The Business Herald’s markets and banking reporter.

Global survey reveals bosses' fears about year ahead

More than 1400 CEOs were interviewed for the research, which was presented to the World Economic Forum in Davos, Switzerland. Photo / AP
More than 1400 CEOs were interviewed for the research, which was presented to the World Economic Forum in Davos, Switzerland. Photo / AP

New research has revealed a gloomy outlook among chief executives, particularly about growing geopolitical risks.

PwC's Annual Global CEO survey found only 35 per cent of bosses were "very confident" about growth within their own firms, down from 39 per cent in 2015.

More than 1400 CEOs were interviewed for the research, presented today at the opening of the World Economic Forum annual meeting in Davos, Switzerland.

The results mirror investor concerns about the world economy, which triggered a major sharemarket sell-off this year. Only 27 per cent of chief executives expect global growth to improve over the next 12 months, a 10 percentage point drop from last year, according to the research. Twenty-three per cent of those surveyed expected the economic situation to worsen.

"There's no question that business leaders' confidence in both the global economy and their own company growth prospects has taken a knock," said PwC global chairman Dennis Nally.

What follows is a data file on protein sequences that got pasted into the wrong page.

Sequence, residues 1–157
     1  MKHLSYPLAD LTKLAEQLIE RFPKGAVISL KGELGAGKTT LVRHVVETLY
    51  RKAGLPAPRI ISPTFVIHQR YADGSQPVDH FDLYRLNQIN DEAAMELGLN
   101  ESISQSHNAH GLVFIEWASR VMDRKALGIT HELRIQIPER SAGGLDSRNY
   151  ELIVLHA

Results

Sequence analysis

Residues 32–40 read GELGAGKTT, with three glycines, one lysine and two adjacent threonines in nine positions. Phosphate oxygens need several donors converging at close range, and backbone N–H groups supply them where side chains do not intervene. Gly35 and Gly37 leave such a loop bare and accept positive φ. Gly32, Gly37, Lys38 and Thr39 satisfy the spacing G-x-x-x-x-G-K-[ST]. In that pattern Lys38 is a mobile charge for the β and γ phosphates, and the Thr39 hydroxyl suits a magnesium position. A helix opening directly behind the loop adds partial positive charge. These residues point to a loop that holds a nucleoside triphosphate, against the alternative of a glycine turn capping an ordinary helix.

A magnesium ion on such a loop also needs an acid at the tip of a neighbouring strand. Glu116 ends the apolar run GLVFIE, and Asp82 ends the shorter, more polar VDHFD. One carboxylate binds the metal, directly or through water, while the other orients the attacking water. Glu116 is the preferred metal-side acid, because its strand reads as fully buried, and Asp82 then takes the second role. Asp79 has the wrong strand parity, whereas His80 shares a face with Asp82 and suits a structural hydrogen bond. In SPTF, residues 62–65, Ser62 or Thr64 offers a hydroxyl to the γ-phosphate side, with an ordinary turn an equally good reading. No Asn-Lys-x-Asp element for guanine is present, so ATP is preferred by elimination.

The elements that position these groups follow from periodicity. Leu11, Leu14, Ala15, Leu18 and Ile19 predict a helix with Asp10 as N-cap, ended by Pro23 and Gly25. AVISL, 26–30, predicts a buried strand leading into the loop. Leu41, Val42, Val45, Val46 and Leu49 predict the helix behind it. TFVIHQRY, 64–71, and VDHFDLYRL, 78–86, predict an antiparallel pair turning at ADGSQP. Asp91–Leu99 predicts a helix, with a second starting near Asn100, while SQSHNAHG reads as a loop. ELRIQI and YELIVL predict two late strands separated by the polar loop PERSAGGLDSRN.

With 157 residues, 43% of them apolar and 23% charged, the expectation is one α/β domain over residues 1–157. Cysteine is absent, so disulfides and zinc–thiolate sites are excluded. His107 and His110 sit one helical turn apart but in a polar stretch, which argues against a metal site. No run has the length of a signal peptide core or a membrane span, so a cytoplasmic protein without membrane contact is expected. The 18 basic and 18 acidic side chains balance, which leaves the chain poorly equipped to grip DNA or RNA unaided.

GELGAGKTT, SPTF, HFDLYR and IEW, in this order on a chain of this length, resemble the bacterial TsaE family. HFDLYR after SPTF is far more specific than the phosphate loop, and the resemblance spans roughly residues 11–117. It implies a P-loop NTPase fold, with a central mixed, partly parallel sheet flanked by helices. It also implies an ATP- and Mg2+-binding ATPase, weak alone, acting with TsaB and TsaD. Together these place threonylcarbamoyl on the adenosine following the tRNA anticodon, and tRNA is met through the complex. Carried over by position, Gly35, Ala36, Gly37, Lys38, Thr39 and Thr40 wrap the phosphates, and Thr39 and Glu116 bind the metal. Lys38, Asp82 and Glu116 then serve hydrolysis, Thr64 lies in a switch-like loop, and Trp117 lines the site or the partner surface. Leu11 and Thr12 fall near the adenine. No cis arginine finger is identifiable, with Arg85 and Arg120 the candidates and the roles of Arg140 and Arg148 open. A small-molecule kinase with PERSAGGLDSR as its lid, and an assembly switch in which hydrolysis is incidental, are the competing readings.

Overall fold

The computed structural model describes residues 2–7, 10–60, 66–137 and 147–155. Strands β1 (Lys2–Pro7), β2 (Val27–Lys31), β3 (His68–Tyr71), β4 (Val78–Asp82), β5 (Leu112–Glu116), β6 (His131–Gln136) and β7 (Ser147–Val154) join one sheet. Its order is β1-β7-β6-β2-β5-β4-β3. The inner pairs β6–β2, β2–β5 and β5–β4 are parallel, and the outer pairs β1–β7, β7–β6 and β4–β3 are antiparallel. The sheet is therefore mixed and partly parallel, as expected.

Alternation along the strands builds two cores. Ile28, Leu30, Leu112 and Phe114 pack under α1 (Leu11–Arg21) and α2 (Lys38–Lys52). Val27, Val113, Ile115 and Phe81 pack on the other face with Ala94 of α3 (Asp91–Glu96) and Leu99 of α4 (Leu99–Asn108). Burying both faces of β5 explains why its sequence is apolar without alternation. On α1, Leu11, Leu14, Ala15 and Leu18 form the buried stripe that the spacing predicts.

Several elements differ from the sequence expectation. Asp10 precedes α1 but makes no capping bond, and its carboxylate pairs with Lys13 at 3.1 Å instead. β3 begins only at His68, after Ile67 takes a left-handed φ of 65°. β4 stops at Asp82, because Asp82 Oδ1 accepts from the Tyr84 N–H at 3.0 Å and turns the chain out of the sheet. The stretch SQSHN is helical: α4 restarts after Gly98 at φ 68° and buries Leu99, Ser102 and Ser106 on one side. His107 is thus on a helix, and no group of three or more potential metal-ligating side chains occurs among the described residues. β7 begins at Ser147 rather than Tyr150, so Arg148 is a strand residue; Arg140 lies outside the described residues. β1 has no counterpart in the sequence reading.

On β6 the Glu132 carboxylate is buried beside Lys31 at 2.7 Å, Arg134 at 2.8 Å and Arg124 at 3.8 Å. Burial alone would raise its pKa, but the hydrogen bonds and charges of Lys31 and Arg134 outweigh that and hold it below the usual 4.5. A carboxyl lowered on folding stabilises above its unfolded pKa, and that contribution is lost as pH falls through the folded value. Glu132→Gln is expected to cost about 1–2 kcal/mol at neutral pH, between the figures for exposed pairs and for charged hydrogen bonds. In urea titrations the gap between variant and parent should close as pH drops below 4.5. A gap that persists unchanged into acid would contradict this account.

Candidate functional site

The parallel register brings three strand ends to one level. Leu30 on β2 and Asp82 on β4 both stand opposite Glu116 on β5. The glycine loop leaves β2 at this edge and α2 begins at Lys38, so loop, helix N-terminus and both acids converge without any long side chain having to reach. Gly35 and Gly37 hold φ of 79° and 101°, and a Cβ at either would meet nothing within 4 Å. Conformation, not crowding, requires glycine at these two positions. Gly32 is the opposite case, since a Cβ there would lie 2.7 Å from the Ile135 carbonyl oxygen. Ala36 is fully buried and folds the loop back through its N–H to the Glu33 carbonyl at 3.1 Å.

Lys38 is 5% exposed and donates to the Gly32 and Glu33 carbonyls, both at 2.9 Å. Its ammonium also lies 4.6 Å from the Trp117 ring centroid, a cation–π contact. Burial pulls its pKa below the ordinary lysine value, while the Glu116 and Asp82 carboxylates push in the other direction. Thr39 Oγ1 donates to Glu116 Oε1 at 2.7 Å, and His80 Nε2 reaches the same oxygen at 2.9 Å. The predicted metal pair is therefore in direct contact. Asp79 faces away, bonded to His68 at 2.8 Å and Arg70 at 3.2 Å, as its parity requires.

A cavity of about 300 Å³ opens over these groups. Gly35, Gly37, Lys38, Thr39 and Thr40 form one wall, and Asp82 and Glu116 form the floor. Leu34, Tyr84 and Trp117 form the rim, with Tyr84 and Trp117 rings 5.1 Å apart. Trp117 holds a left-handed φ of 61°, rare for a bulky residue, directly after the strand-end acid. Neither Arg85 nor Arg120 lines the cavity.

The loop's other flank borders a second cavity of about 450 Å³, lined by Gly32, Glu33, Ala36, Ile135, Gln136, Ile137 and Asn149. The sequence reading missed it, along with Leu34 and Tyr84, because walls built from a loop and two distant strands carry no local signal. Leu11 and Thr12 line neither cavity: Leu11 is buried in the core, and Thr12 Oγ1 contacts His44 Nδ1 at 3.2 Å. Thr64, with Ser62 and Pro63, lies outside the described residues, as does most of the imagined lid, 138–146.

"No matter what the business size, the threats it faces are becoming more complex, crossing the borders of geopolitics, regulation, cyber security, societal development, people and reputation. There is a new spectrum of risks for CEOs that represents threats to both national and commercial interests."

Geopolitical uncertainty, such as conflict in the Middle East, jumped from fourth in last year's survey to the second-biggest risk this year, cited by 74 per cent of respondents.

There is a new spectrum of risks for CEOs that represents threats to both national and commercial interests.
Dennis Nally, PwC global chairman

"Global conflicts are also connected to anxieties about social instability and readiness to respond to crises, named by 65 per cent and 61 per cent of CEOs, respectively," PwC said in its report. "Cyber security is also a worry for 61 per cent of CEOs representing as it does to both national and commercial interests."

PwC said CEOs were keeping a close eye on developments in China, which reported its slowest annual rate economic growth (6.9 per cent) in 25 years yesterday.

Over-regulation, cited by 79 per cent of respondents, was seen as the top threat to companies' growth prospects.

5 Top concerns of CEOs

1 Over-regulation (79 per cent of respondents)

2 Geopolitical uncertainty (74 per cent)

3 Exchange rate volatility (73 per cent)

4 Availability of key skills (72 per cent)

5 Government response to fiscal deficit and debt burden (71 per cent)

Source: PwC Annual Global CEO

- NZ Herald

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